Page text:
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Proceeding Paper

Exploring the Effect of Pacing Plan Feedback for Professional Road Cycling †

Multi-Actor Systems, TU Delft, 2628BX Delft, The Netherlands
HIT Lab NZ, University of Canterbury, 8140, Christchurch, New Zealand
BioMechanical Engineering, TU Delft, 2628CD Delft, The Netherlands
Department of Human Movement Sciences, Faculty of Behavioural and Human Movement Sciences, Amsterdam Movement Sciences, Vrije Universiteit Amsterdam, 1081BT Amsterdam, The Netherlands
Author to whom correspondence should be addressed.
Presented at the 13th conference of the International Sports Engineering Association, Online, 22–26 June 2020.
Proceedings 2020, 49(1), 58;
Published: 15 June 2020


In road cycling, cyclists strategically use their energetic resources in unique race-specific circumstances. For time-trial events, professional cycling teams design pacing plans aimed at the effective management of anaerobic work capacities of individual cyclists, allowing for more consistent speeds and therefore, faster times. Patently, adherence to such plans is essential. This paper reports on a field user-study on the effectiveness of providing a pacing plan to cyclists with the following information: (1) printed table alongside a display device with non-processed information (power, distance); and (2) aggregated, processed, just-in-time information on the same device (past, present, prospective; power, distance, W’). In both conditions, 15 road cyclists completed an 8 km open route mimicking race conditions, while adhering to pre-set pacing plans designed relative to their individual critical-power capabilities. Results indicated a linear load-to-adherence relationship and better adherence in condition (2). These findings will help guide future designs of adaptive feedback mechanisms for professional road cycling.

1. Introduction

Beyond great strength and stamina, professional road cycling requires an appropriate strategy to effectively use a cyclist’s physical capabilities in race-specific circumstances [1]. A cyclist can generate power aerobically, and beyond a certain threshold anaerobically—with the latter being a finite resource and requiring rest to replenish, and thus prudent use thereof, a strategy known as pacing. Achieving optimal race results is accomplished by riding at a consistent speed (irrespective of environmental factors, e.g., climbs, corners), which requires a cyclist to vary their power output accordingly—pushing uphill, recovering downhill, in anticipation of the next climb.
In pursuit of podia, professional cycling teams prepare their cyclists by running simulations [2,3,4,5] and generating pacing plans [6], particularly for individual time trials in which cyclists lack the aerodynamic benefit of the peloton. Simplified instructions are shared with cyclists prior to the race, and the pacing plan’s execution is tracked and modified with adjustments relayed from the coach car. The required radio communication has become contentious [7], and with regulation moving to oppose it, adherence to pre-made pacing plans is gaining in importance. Based on informal interviews, cyclists from a partnered UCI (Union Cycliste Internationale) World Tour team have reported that traditional, printed plans are difficult to adhere to. Teams are looking for more reliable and effective delivery of information, as minor deviations from a pre-determined strategy may have a cumulative effect given a cyclist’s finite anaerobic capacity (W’).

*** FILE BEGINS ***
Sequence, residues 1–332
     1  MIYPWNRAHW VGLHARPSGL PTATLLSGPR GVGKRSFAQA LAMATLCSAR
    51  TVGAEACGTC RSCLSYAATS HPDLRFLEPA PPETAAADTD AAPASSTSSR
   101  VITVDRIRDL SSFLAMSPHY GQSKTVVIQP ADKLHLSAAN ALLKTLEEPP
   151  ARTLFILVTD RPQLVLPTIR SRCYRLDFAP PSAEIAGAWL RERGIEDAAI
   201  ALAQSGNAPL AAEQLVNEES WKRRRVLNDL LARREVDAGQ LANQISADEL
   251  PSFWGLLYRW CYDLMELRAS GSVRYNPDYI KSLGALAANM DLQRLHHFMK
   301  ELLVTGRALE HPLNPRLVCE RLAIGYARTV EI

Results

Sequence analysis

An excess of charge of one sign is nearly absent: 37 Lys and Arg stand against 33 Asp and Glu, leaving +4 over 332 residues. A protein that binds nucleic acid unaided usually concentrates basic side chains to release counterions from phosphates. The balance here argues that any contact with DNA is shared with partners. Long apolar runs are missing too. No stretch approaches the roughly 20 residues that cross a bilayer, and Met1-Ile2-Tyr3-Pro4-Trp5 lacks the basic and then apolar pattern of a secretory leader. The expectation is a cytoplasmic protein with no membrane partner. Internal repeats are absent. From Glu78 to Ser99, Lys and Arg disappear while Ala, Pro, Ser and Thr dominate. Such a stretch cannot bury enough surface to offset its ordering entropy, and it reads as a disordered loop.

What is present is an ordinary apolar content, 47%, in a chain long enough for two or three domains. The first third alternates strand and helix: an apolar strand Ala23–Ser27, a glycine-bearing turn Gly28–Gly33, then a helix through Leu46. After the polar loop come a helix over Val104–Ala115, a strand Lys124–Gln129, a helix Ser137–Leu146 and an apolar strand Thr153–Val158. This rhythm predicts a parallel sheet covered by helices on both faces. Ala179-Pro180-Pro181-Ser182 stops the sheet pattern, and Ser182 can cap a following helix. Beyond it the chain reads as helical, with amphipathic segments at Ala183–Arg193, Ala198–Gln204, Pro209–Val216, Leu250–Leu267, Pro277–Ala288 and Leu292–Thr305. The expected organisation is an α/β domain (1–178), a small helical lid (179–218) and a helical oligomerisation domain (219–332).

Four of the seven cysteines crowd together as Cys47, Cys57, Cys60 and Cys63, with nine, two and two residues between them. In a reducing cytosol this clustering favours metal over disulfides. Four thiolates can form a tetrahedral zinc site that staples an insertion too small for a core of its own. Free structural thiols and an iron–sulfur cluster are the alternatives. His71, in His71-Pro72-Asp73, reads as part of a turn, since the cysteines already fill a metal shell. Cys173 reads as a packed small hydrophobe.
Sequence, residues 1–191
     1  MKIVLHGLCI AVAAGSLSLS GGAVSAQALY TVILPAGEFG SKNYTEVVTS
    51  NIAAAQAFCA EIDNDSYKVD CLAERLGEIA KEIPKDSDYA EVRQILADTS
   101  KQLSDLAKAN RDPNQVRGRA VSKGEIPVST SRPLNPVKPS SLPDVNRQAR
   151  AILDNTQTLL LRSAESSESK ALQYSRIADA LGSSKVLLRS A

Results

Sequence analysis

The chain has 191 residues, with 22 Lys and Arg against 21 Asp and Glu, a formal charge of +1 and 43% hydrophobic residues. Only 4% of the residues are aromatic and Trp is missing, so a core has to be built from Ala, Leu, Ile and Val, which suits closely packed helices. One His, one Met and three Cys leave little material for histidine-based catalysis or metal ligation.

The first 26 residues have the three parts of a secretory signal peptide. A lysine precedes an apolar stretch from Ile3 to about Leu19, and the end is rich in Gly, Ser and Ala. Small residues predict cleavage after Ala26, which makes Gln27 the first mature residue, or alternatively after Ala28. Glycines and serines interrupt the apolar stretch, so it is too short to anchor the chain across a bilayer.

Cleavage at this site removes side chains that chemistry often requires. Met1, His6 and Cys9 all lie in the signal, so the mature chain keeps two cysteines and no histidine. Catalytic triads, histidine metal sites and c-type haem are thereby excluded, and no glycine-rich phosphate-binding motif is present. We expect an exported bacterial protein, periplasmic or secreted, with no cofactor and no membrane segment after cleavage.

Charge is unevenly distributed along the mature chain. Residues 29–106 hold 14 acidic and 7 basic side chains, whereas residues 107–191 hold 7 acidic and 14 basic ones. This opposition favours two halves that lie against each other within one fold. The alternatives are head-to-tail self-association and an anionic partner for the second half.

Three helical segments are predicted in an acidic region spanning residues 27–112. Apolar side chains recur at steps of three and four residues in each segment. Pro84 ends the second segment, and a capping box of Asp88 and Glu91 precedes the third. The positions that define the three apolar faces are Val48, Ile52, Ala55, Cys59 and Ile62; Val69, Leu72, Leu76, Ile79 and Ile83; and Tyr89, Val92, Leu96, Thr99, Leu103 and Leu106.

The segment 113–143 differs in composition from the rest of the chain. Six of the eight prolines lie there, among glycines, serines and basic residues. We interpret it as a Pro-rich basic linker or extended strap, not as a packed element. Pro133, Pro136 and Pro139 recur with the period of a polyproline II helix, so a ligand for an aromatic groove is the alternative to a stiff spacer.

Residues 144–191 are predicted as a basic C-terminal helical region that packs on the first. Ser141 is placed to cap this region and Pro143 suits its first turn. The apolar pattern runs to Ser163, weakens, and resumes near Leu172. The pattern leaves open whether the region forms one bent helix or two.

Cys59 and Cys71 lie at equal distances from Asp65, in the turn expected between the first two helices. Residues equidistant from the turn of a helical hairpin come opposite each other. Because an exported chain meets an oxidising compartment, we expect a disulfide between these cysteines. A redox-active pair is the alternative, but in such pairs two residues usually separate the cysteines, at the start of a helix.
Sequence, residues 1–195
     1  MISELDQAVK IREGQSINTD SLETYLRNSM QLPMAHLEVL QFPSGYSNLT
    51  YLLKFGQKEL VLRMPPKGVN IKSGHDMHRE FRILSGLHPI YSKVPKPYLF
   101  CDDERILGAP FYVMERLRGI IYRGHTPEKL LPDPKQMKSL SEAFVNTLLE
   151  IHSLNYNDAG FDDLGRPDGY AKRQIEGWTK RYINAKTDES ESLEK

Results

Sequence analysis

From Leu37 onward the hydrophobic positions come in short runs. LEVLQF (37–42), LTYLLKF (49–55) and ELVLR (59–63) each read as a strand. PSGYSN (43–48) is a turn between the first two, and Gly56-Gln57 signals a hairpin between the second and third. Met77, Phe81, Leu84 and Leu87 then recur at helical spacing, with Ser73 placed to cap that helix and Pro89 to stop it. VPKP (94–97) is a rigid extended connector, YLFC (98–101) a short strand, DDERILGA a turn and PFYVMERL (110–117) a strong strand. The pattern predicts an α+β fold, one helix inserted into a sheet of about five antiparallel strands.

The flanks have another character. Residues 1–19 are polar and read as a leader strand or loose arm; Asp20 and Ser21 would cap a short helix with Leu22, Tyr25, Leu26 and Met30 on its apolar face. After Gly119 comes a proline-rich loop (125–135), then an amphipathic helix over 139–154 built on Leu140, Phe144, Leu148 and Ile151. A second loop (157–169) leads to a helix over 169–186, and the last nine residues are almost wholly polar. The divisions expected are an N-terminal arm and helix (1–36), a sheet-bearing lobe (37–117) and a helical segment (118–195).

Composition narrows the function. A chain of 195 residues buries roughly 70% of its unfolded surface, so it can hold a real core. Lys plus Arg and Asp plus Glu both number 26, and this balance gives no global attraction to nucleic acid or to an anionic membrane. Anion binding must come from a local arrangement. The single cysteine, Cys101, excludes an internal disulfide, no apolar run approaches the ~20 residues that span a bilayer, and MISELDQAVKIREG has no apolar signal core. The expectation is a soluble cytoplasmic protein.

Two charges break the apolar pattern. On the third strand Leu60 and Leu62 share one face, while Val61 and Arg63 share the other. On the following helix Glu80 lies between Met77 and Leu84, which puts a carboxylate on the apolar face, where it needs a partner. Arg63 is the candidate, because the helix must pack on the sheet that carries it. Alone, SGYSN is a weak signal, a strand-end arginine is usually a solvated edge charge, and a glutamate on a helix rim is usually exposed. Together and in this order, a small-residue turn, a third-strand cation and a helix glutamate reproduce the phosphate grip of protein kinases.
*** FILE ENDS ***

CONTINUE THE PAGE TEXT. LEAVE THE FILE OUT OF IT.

Decision-making in road cycling has been shown to benefit from effective feedback [8]. While current sensor technology has become more accessible and vast data collection more prevalent, and while models are available to translate said data into pacing insights [9], these are seldom used in race events in real-time, neither by coaches nor by the cyclists themselves.
This paper documents exploratory research aimed at understanding the behaviour of cyclists in attempting to follow a pacing plan, given two different types of information, focussing on factors affecting adherence. With the goal of supporting cyclists from a partnered professional cycling team, this exploratory field user-study examines the behaviour of serious amateurs. Insights gleaned herein will guide future designs and studies on effective adaptive feedback systems for professional cycling.
Adherence of participants is expected to be better when provided with aggregated information, based on knowledge of past performance [8]. Such information is expected to influence cyclists’ performance, e.g., compensate after coasting through corners. Furthermore, decreasing the cognitive task load is expected to result in more confidence in taking corners at high speed.
The adherence is further expected to differ depending on the expected performance in the proposed pacing plan. Lastly, with regard to cyclist’s experience, the adherence in use of the two conditions are expected to differ less for experienced cyclists as they are likely to have better developed internal feedback [10], and more experience relying on non-processed information.

2. Materials and Methods

The study set out to investigate the decision-making behaviour of cyclists with respect to two different types of information from a pacing plan provided in two conditions (detailed below): (1) traditional: a printed table alongside a display device with non-processed information; and (2) aggregated, processed, just-in-time information presented on the same type of device.

2.1. Experiment Design

The study involved 15 participants, self-reported ‘serious amateurs’ of road cycling, in the 20–40 age range. All participants gave written consent to participate in the study and for the use of their data for scientific purposes. Participants were tasked with completing a route twice (Figure 1a) while closely adhering to a pacing plan (Figure 1b) presented differently for condition 1 and 2 (order varied), requiring them to adjust their power output at pre-determined distances.
Participants were given time to rest and replenish carbohydrates between these two trials, and invited to voice their opinions. When two trials could not be completed on the same day, a weather-equivalent alternative day was used. Trials were completed in moderately warm, dry weather.
The study was conducted outdoors to mimic racing conditions including navigation of the route, with distractions in the form of other cyclists and pedestrians. Participants were required to follow road rules and prioritise safety. The 3-m wide public cycling path featured a single 1000 m straight lane on a low-speed public road shared with cars. A map was provided prior to departure; additionally, basic on-screen instructions (e.g., ‘turn right’) were delivered on the display device 150 m ahead. Pacing plans covered 11 segments of either 500 m or 1000 m, totalling 8000 m and requiring approximately 20 min to complete. Through heuristic evaluation by an expert the lengths were determined to be sufficiently long to be acceptable by professional cyclists, yet short enough to improve on the granularity of segments currently in use by a consulted professional cycling team.